I had a great time at Jingle Bell this year, though I have to admit that I am fairly shocked my even year tradition continued. I really thought it would come to an end this year–I thought that before I started running–so to walk away with an age group medal was a really nice treat 🙂


Thursday Things

1. Every December, most of the women on my mom’s side of the family (my grandma, my mom, her sisters, and sometimes my cousin-in-law) come to Chicago for a shopping trip. This year’s trip was on Tuesday, so I took most of the day off and hung out with them downtown and in Lincoln Park!

We started the day at Macy’s, per our tradition. I didn’t have any shopping to do on this trip, so I tagged along while everyone else debated the pros and cons of various ties and sweaters. Eventually we made our way up to the seventh floor to see the Christmas tree in the Walnut Room.


Sigh. I’ve been to Macy’s a few times recently, but this was the first time I had been up to the seventh floor since early August. At the end of August, Macy’s sold the eighth through 14th floors of the building. Floors nine through 14 weren’t open to the public in the first place, so that’s not much of a loss, but the eighth floor was where they sold furniture–and, more relevantly for this particular post, where you could get the best view of the Christmas tree, in my opinion. But now that’s all closed 😦

It made me unnecessarily sad, as did all the consequential rearranging of the store: furniture is now on six, the home goods from six are now in the basement, and the whole Christmas section that used to be in a corner of six is now on seven (and WAY smaller than in years past). I took an absurd amount of pride in my ability to navigate Macy’s on State Street with ease, but now I’m not as sure where things are, and that contributes to my sadness. I also really liked the eighth floor. It was quiet and generally uncrowded, which made it a lot easier for me to imagine what it must’ve been like when the store opened 100+ years ago–not that I think it was quiet and generally uncrowded back then, but the wood floors and such made that easier to visualize than the carpet or tile and racks of modern clothes on other floors.

2. After Macy’s, we went to lunch. I made reservations at Remington’s on Michigan because it was nearby and a survey of the attendees said that Remington’s was the top pick. I assumed we’d get a table and that would be that. Boy was I wrong!


Our table ended up being IN the wine room! It was incredible! There were doors on both sides, so we could close them and actually hear each other talk. The food was also delicious, so win-win. I think it’s safe to say that Remington’s will be our destination of choice for future December family shopping trips!

3. One of the biggest draws of this trip for my family in the past was the opportunity to go to Crate & Barrel on Michigan Ave. Since that no longer exists (because apparently nothing is sacred in the cold, unfeeling world of real estate and retail), my mom wondered if it’d be reasonable to go to the Crate & Barrel at North and Clybourn instead. But of course! So up to Lincoln Park we went, where I found the Crate & Barrel experience to be approximately 2983472 times more pleasant than it ever was on Michigan Ave. due to the dramatically smaller number of other humans in the store.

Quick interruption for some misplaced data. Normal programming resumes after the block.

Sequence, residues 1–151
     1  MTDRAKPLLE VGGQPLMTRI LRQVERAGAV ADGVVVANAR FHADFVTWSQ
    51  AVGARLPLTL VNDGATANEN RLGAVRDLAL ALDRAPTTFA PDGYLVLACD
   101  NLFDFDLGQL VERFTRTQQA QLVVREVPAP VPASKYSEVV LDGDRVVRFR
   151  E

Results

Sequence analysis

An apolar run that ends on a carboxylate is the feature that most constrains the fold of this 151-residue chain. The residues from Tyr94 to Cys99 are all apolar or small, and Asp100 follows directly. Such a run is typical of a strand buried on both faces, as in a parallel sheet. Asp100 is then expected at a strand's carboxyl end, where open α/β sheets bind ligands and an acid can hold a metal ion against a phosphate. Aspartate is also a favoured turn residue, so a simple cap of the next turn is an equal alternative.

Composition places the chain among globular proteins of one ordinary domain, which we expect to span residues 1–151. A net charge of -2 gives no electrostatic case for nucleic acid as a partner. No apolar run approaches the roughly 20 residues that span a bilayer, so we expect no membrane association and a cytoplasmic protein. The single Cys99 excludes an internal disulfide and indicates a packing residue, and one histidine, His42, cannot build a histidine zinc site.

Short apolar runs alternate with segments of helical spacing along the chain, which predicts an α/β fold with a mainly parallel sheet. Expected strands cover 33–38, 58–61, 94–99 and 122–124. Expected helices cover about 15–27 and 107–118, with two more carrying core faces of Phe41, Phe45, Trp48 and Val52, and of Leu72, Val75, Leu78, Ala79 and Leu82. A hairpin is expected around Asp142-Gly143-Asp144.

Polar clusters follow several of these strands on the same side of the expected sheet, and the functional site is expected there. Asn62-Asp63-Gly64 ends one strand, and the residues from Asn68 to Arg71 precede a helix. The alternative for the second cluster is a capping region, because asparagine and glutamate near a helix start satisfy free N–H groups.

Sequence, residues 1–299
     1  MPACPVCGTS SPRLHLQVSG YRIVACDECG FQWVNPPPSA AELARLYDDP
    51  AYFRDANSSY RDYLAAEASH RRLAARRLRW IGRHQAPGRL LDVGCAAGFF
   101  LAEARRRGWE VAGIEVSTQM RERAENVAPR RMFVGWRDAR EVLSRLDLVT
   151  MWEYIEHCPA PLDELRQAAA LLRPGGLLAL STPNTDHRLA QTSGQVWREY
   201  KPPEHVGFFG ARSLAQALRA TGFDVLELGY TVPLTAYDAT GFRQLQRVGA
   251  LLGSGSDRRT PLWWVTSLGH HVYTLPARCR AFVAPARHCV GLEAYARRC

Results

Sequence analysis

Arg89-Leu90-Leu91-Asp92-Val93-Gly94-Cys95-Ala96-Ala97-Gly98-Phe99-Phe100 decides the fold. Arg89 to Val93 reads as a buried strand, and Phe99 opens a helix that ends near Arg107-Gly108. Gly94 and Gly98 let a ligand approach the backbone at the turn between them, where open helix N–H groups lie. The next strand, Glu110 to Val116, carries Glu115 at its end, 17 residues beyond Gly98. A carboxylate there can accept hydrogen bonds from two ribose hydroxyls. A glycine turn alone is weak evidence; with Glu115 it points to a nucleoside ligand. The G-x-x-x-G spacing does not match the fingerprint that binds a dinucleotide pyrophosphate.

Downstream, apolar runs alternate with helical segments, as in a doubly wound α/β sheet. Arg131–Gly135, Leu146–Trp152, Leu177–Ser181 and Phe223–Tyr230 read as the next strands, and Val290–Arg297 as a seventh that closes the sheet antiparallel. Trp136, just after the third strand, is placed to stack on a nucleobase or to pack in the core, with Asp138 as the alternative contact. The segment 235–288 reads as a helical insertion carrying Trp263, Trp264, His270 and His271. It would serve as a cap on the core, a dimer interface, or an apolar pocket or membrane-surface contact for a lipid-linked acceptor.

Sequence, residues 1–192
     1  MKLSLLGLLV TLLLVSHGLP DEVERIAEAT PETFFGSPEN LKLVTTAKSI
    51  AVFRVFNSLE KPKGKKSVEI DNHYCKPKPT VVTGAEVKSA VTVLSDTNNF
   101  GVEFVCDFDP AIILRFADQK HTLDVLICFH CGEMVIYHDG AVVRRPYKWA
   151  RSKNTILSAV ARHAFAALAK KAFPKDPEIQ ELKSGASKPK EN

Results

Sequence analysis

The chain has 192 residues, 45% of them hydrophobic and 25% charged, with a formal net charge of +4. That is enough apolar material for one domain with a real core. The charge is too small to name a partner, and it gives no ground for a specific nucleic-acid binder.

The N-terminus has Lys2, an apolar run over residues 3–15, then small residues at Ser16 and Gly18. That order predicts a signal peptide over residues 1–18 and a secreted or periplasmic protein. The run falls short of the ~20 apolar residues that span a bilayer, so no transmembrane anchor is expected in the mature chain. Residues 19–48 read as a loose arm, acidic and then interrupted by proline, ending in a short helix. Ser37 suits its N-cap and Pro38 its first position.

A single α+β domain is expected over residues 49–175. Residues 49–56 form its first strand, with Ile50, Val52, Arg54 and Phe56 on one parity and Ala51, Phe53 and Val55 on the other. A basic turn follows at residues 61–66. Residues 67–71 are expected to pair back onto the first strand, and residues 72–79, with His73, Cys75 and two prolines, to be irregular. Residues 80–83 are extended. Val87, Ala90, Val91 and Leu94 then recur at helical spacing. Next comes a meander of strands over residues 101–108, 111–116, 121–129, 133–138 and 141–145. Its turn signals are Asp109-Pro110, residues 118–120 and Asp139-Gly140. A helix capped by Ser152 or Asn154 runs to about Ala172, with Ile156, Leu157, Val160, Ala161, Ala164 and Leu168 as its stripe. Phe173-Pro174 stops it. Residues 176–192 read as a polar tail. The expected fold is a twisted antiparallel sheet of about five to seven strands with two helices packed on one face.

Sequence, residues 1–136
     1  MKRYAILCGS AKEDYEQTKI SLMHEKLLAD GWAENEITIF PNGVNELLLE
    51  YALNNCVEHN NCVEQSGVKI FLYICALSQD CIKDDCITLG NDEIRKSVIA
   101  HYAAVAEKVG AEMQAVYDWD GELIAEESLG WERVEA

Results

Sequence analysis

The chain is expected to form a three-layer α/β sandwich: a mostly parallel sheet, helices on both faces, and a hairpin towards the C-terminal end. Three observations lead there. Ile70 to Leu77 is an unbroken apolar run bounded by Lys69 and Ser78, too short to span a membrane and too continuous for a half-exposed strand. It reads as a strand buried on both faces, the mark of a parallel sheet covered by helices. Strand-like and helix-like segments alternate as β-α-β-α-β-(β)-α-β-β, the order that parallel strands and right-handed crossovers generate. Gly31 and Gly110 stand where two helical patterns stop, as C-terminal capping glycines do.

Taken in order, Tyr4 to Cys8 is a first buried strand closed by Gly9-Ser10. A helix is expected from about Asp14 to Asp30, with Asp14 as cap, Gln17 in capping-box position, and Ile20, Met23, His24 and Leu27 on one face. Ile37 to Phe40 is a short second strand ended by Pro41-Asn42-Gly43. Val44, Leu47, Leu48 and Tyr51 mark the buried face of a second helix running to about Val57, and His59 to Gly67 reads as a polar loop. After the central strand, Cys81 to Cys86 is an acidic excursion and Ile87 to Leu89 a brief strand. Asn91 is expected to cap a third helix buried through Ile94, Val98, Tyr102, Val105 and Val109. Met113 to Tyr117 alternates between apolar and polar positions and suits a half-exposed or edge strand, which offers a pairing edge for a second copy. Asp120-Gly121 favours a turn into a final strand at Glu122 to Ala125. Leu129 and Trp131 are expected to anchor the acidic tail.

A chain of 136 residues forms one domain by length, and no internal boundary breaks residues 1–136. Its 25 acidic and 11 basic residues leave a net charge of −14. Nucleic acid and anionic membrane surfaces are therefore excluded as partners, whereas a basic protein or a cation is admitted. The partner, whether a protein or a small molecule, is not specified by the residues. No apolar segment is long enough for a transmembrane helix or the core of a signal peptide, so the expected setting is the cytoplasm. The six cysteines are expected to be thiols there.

I think the real highlight for my family, though, was The Container Store across the parking lot from Crate & Barrel. There are exactly two Container Stores in Michigan, both of which are in the Detroit area. Since my family lives in West Michigan, most of them had never been to a Container Store before, and it was, as far as I could gather, utterly life changing. Not that I can say I blame them–The Container Store is a place where I think I could genuinely buy their entire inventory.

I had to head out early to get to my usual Tuesday evening obligations (therapy + dance), but it was really nice to spend some time with my family!

It’s the Most Busiest Time of the Year

(Yes, I realize “most busiest” is bad grammar. That was the point.)

I want to like the holiday season. I really do. Every year, I think, “THIS will somehow be the year where I do all of the things with none of the burnout! There will be nothing but cheer from now until New Year’s Day!” Yet here I am, a whole 12 days into the “official” (i.e.: post-Thanksgiving) holiday season, and I’m already finding work to be a nice reprieve from the insanity that will be every weekend from now until the beginning of January.

The season started off on the wrong foot, I suppose, with a totally packed Thanksgiving weekend. Instead of a relaxing couple of days off work, I had something going on from the moment I woke up until the moment I went to bed on Thursday, Friday, and Saturday of Thanksgiving weekend. It was a lot–too much, really–and I said that I couldn’t keep doing this to myself. If I was going to insist on doing ALL OF THE THINGS on weekends, I had to keep it to one day.

So, naturally, I did ALL OF THE THINGS every day this past weekend, too.

On Friday, I went to see Ralph Wrecks the Internet after work, which was just delightful. The story itself was great, but I was a particular fan of the seemingly endless Easter eggs throughout the movie. My hands-down favorite part, though, was whenever the Disney princesses were involved. There’s a scene towards the end of the movie that is accompanied by a song that combines big musical themes from each princess’s movie when she’s contributing to the action on screen (so when you see Pocahontas, for example, the soundtrack is Colors of the Wind) that I want to watch a million times in a row to catch all the references.

Ever since I started marathoning, I’ve had this intermittent knee soreness that usually flares up once or twice a year. It started bothering me last Sunday, but I really did a number on it at dance on Tuesday. Since I have a race that I care about coming up this weekend, I thought it’d be in my best interest to take it easy for a few days, so I bailed on my long run on Saturday. Couldn’t have picked a better day to do that! The weather was horrendous, and I was glad to not be outside. After the weather cleared up, I headed downtown to the Christkindlmarket, hoping the earlier rain (and continuing wind) had scared enough people away that it wouldn’t be a totally miserable experience.